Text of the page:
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Comparison of the Drugs Fluconazole or Itraconazole To Treat Coccidioidomycosis Infection FREE

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Copyright ©2004 by the American College of Physicians


Ann Intern Med. 2000;133(9):S-6. doi:10.7326/0003-4819-133-9-200011070-00004
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What is the problem and what is known about it so far?

Coccidioidomycosis is an infection due to a fungus (Coccidioides immitis) found in Arizona, central California, and other southwestern U.S. states and in parts of Central and South America. Of every three people who get this infection, only one becomes ill. Illness most often involves the lungs but can also involve the skin, lymph nodes, joints, and bone. In people with abnormal immune systems, coccidioidomycosis can also cause meningitis, which is an infection of the lining that covers the brain and spinal cord. Fluconazole and itraconazole are drugs taken by mouth that are used to treat coccidioidomycosis illness. Both of these drugs have been shown to be useful in treating this infection. However, no studies had compared the two drugs to see if one is better than the other.

Why did the researchers do this particular study?

To determine whether fluconazole or itraconazole is better for the treatment of patients with coccidioidomycosis.

Who was studied?

The study included 191 patients with coccidioidomycosis involving the lung, skin, joints, or bone. Patients could not be in the study if they had meningitis.

How was the study done?

The researchers assigned patients at random to receive treatment for 12 months with fluconazole (400 milligrams a day) and a pill that looked like itraconazole but contained no active ingredient (a placebo) or with itraconazole (200 milligrams twice a day) and a placebo pill that looked like fluconazole. The placebo prevented both the patients and the researchers from knowing which medicine the patient was taking until the end of the study. The researchers examined study patients at the beginning of the study and again after 4, 8, and 12 months to determine the severity of the infection. They used a previously established scoring system to define how bad the infection was at each point in time.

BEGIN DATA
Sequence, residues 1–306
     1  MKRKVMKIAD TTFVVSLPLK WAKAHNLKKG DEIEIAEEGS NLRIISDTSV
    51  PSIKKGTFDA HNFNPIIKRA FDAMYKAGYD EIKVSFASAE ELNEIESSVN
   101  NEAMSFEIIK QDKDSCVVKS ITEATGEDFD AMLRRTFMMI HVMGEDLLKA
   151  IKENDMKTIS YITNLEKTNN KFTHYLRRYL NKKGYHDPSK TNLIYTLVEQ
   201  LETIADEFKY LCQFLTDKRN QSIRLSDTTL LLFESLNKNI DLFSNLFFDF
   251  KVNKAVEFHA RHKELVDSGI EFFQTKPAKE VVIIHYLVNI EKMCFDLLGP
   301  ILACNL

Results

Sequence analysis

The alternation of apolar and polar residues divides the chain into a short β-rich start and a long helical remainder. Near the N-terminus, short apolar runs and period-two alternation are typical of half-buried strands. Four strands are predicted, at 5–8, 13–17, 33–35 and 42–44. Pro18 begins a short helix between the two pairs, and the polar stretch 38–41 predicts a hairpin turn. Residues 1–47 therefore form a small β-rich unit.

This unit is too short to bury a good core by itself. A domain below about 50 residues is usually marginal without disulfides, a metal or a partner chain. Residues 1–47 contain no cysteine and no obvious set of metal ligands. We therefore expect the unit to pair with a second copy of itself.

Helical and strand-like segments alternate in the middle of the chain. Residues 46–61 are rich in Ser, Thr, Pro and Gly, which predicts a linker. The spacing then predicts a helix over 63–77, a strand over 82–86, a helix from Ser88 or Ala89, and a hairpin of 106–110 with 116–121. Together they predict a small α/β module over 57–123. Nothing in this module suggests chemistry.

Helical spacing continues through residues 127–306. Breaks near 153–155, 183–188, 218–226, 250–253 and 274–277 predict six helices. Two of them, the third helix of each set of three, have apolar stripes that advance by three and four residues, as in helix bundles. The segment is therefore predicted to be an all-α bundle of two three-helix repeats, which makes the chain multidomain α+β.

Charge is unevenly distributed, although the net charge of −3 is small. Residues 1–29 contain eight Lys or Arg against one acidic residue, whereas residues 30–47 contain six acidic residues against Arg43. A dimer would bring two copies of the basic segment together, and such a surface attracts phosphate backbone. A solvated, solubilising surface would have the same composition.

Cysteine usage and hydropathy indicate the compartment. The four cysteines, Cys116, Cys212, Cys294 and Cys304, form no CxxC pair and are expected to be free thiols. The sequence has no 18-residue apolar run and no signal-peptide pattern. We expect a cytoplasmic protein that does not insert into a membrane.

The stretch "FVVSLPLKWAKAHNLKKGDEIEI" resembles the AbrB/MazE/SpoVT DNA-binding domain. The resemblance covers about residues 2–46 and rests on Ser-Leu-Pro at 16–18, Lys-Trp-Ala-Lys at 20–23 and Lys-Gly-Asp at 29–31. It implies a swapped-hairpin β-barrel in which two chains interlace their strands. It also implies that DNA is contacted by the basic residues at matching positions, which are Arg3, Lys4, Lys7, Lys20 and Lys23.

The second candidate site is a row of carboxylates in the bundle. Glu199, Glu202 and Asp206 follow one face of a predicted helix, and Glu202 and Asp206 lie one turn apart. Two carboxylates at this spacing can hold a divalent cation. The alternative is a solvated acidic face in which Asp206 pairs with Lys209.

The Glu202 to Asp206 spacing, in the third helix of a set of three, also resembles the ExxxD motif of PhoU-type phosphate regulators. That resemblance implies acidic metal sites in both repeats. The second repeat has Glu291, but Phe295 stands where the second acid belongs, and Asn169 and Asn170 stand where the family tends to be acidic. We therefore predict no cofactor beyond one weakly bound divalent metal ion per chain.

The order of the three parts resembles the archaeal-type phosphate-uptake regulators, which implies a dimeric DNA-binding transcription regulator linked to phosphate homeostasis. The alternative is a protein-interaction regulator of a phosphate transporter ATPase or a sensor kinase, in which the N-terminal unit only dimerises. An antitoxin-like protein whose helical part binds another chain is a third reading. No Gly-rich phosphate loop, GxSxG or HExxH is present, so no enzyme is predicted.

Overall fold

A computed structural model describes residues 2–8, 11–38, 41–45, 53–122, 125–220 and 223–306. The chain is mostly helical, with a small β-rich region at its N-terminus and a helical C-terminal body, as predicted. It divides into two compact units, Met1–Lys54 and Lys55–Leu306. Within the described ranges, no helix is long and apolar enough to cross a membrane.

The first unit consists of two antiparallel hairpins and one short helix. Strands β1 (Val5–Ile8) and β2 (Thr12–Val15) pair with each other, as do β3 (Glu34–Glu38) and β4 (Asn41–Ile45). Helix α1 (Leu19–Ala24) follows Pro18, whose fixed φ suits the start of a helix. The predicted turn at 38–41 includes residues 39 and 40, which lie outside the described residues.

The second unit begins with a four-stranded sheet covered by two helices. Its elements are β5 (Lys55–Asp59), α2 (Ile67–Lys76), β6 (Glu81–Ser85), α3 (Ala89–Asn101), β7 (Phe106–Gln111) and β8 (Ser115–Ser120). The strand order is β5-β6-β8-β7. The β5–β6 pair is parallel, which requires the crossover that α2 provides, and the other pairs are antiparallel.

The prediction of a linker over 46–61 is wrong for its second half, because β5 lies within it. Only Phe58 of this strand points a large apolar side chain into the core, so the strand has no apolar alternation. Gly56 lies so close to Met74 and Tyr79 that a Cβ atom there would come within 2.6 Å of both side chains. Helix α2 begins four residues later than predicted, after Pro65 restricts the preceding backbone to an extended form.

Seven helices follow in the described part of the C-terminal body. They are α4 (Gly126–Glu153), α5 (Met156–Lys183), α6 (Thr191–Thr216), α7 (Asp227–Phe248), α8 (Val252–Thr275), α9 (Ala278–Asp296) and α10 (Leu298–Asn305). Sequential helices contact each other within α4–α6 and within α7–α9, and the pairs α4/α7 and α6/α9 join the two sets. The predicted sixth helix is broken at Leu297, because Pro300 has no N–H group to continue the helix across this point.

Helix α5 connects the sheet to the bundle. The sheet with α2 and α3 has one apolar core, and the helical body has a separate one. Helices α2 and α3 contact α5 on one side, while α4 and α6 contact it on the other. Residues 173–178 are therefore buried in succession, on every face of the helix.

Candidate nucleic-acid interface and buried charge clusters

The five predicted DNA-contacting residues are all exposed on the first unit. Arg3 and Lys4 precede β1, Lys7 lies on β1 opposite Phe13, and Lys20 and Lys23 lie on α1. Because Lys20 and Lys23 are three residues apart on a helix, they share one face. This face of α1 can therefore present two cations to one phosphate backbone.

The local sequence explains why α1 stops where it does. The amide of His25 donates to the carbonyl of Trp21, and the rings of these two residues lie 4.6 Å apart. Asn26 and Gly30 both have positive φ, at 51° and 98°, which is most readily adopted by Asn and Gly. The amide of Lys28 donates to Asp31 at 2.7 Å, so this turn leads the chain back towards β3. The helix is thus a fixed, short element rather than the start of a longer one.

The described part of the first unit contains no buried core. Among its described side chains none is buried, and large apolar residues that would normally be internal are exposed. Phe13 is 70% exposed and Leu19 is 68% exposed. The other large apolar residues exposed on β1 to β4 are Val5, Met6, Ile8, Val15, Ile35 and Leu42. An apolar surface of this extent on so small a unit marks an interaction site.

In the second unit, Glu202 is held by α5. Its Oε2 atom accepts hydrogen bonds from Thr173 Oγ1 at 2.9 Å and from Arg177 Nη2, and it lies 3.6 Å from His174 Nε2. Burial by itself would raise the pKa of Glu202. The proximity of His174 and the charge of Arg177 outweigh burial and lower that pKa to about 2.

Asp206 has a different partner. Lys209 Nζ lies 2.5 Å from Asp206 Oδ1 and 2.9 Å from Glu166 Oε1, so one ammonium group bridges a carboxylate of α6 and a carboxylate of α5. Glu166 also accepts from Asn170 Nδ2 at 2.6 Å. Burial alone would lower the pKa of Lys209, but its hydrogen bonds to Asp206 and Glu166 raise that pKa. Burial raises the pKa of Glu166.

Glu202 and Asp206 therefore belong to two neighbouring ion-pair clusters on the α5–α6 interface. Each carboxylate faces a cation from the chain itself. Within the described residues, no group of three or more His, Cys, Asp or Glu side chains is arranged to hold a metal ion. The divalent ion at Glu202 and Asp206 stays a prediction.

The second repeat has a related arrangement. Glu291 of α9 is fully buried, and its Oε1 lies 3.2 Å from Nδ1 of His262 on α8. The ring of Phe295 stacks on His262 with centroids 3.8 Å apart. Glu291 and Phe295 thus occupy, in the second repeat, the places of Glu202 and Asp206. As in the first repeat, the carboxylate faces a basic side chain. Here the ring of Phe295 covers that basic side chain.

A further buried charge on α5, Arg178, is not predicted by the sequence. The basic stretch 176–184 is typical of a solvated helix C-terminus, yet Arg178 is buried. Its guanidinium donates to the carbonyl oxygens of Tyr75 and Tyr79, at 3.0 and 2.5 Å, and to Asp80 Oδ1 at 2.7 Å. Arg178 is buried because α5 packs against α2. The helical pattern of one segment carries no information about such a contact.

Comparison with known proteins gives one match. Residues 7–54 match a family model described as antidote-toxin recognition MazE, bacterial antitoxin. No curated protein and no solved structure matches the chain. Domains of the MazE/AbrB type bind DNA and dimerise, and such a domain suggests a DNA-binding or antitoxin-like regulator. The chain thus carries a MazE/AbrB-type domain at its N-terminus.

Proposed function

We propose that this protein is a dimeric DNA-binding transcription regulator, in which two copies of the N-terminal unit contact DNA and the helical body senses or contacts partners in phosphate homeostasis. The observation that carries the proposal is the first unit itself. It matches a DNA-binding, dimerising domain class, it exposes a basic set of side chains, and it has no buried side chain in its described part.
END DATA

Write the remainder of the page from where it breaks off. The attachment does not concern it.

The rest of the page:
What did the researchers find?

Overall, 47 of the 94 patients who took fluconazole (50%) improved compared with 61 of the 97 patients who took itraconazole (63%). Statistical analysis showed that these results did not indicate that one of these medicines was more effective than the other. However, among patients with bone infections, those receiving itraconazole seemed to have improved more than those receiving fluconazole.

What were the limitations of the study?

This study was too small to show small differences in outcomes between fluconazole and itraconazole.

What are the implications of the study?

Fluconazole and itraconazole appear to be equally effective in treating coccidioidomycosis. Patients with bone involvement may do somewhat better when treated with itraconazole than with fluconazole.

Summaries for Patients are a service provided by Annals to help patients better understand the complicated and often mystifying language of modern medicine.

Summaries for Patients are presented for informational purposes only. These summaries are not a substitute for advice from your own medical provider. If you have questions about this material, or need medical advice about your own health or situation, please contact your physician.

The summary below is from the full report titled “Comparison of Oral Fluconazole and Itraconazole for Progressive, Nonmeningeal Coccidioidomycosis. A Randomized, Double-Blind Trial.” It is in the 7 November 2000 issue of Annals of Internal Medicine (volume 133, pages 676-686). The authors are JN Galgiani, A Catanzaro, GA Cloud, RH Johnson, PL Williams, LF Mirels, F Nassar, JE Lutz, DA Stevens, PK Sharkey, VR Singh, RA Larsen, KL Delgado, C Flanigan, and MG Rinaldi for the National Institute of Allergy and Infectious Diseases–Mycoses Study Group.

Summaries for Patients are a service provided by Annals to help patients better understand the complicated and often mystifying language of modern medicine.

Summaries for Patients are presented for informational purposes only. These summaries are not a substitute for advice from your own medical provider. If you have questions about this material, or need medical advice about your own health or situation, please contact your physician.

The summary below is from the full report titled “Comparison of Oral Fluconazole and Itraconazole for Progressive, Nonmeningeal Coccidioidomycosis. A Randomized, Double-Blind Trial.” It is in the 7 November 2000 issue of Annals of Internal Medicine (volume 133, pages 676-686). The authors are JN Galgiani, A Catanzaro, GA Cloud, RH Johnson, PL Williams, LF Mirels, F Nassar, JE Lutz, DA Stevens, PK Sharkey, VR Singh, RA Larsen, KL Delgado, C Flanigan, and MG Rinaldi for the National Institute of Allergy and Infectious Diseases–Mycoses Study Group.

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